IE's share slides again as IE6 starts to fade away
Microsoft celebrates withering of creaky IE6 while Chrome, Safari gain ground
Computerworld - Microsoft's Internet Explorer browser again lost usage share last month to rivals Google and Apple, posting its largest decline since March, a Web analytics firm said Wednesday.
Usage share of Internet Explorer 6 (IE6), the nine-year-old browser even Microsoft wants to kill, fell by 1.3 percentage points during November, its biggest drop in eight months, to lead the decline.
According to Aliso Viejo, Calif.-based Net Applications, IE's total share fell by nine-tenths of a percentage point to 58.3%, the lowest level ever and the fifth month in a row that it lost ground.
Meanwhile, Google's Chrome and Apple's Safari made the sharpest gains, boosting their shares to 9.3% and 5.6%, respectively, both records.
But Microsoft preferred to talk about the silver lining -- the fall of IE6 to 13.7% of all browsers used worldwide last month -- rather than the continued weakening of its browser's total share.
"What we're trying to do is get people off IE6," said Roger Capriotti, the director of product marketing for IE, in an interview Tuesday. "We're happy with the [overall] numbers for this month, and we'll continue to focus [on getting people] on a modern browser, which is IE8 and then IE9."
Capriotti, who last summer said his job was to drive IE6 into extinction, a battle he said was "definitely winnable," also cited Net Applications' data to tout the decline of IE6 in business, one of the strongholds of the aged browser.
"We're excited to see IE6 usage in businesses worldwide at just 10.3%," Capriotti said, referring to data from Net Applications that is not made available to the public.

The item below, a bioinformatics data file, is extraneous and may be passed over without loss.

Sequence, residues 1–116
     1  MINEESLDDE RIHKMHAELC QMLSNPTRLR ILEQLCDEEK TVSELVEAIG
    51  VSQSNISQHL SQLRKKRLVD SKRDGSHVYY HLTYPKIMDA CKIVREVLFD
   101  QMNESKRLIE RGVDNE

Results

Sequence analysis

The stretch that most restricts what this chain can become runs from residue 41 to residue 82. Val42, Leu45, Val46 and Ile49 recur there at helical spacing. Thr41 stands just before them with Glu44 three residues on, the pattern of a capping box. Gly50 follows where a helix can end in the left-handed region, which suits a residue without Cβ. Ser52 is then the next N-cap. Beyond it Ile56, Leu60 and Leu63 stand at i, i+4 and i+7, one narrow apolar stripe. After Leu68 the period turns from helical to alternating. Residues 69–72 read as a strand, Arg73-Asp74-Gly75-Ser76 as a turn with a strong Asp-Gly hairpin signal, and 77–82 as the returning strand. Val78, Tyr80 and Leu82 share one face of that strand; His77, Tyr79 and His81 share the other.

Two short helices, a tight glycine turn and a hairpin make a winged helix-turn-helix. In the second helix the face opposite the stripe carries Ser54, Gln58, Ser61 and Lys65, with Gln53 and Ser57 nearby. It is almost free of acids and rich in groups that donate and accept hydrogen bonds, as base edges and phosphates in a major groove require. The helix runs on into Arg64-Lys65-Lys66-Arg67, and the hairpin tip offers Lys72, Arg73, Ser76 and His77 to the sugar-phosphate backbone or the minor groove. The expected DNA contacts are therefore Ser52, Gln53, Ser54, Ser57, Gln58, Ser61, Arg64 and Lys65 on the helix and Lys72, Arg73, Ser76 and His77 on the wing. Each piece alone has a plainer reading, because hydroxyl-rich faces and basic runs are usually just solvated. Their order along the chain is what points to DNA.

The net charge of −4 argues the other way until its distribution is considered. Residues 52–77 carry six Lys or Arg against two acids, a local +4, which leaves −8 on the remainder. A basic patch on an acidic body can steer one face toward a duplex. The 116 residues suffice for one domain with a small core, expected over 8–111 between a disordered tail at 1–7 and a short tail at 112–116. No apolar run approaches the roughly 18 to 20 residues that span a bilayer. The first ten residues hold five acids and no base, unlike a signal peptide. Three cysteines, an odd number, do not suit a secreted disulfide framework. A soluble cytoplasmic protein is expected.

Net Applications regularly reviews month-end numbers with Microsoft and an unknown number of other browser providers, before posting a limited amount of information on the Web for the public.
Capriotti said the smaller IE6 share in businesses -- more than three percentage points lower than the worldwide figure -- proved that companies of all sizes were migrating to a more standards-compliant, more secure browser.
"It takes work to [move off IE6]," he acknowledged, "but many customers are telling us it's not as bad as they thought it was going to be."
If accurate, that should add to Microsoft's coffers, since one of the stumbling blocks to upgrading to Windows 7 is that it cannot run IE6 without some virtualized assistance, or an add-on like Unibrows. In a research note last month, Gartner said that IE6 compatibility problems will cause at least 20% of organizations to take longer than expected or spend more than they budgeted for their Windows 7 migration projects.
Not surprisingly, smaller companies -- which would likely rely on fewer custom Web applications -- have bailed on IE6 much faster than large corporations. According to Microsoft's mining of Net Applications' data, in companies with up to 500 employees, IE6 accounted for just 8% of the browsers used. In companies with more than 50,000 people, IE6 owned a 12% share.
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